“Marieke insists on my making her coffee, first thing when she comes in every morning ... She makes it clear that Patricia the administrative assistant ... shouldn’t make any [coffee] for her. I, the finance assistance, should.”
This is an experience Taruvinga is confronted with in many of the jobs he finds (and has to leave), as he experiences discrimination in how people relate to him and in how much he is remunerated.
It is a vulnerability made possible by his race and by the fact that, as he says disparagingly, he is referred to, like many other African immigrants, as a “foreign national”.
Something that increasingly dominates his life, after struggling to get his degree, is getting a work permit, with great consequences of being unable to accept job offers.
It is however evident to Taruvinga that what is behind his inability to get a work permit is the discrimination that South Africa has against African immigrants as opposed to Europeans.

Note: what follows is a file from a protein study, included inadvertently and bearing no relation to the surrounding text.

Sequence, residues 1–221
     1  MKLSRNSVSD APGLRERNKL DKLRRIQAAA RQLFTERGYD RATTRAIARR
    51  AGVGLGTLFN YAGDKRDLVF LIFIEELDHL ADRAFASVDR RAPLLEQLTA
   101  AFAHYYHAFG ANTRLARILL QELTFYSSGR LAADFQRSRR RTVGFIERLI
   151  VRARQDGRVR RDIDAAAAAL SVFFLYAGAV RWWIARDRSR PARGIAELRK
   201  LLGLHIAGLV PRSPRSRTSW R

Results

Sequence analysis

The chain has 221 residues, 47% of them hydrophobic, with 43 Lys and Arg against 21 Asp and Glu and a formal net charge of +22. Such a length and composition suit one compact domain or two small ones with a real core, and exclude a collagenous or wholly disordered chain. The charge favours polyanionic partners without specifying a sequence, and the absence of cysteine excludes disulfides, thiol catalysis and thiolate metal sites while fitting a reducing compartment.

These are immigrants, he writes, who are called “expats, and are treated with respect and dignity, while African immigrants are referred to as “foreign nationals – and sometimes abased, as though they were rats surrounding a lump of cheap Gouda [cheese] by the dustbin”.
The repercussions of this, he writes, are that many African immigrants have to “wait for years before they are able to obtain all the listed requirements [by the department of home affairs], if they ever do. Many give up, along with the employers who were ready to welcome their new foreign recruits into their diverse teams.
It’s as though the South African labour market is resistant to the skills “from Africa” that it so clearly needs.
“This is a perplexing, and at most times infuriating, paradox,” he writes.
It is however not only in the labour market where such prejudiced encounters are pervasive as they also exist in the social sphere.
Taruvinga retells the horrific story of Ernesto Alfabeto Nhamuave, the Mozambican vendor who made headlines when he was torched to death in 2008 in Alexandra township.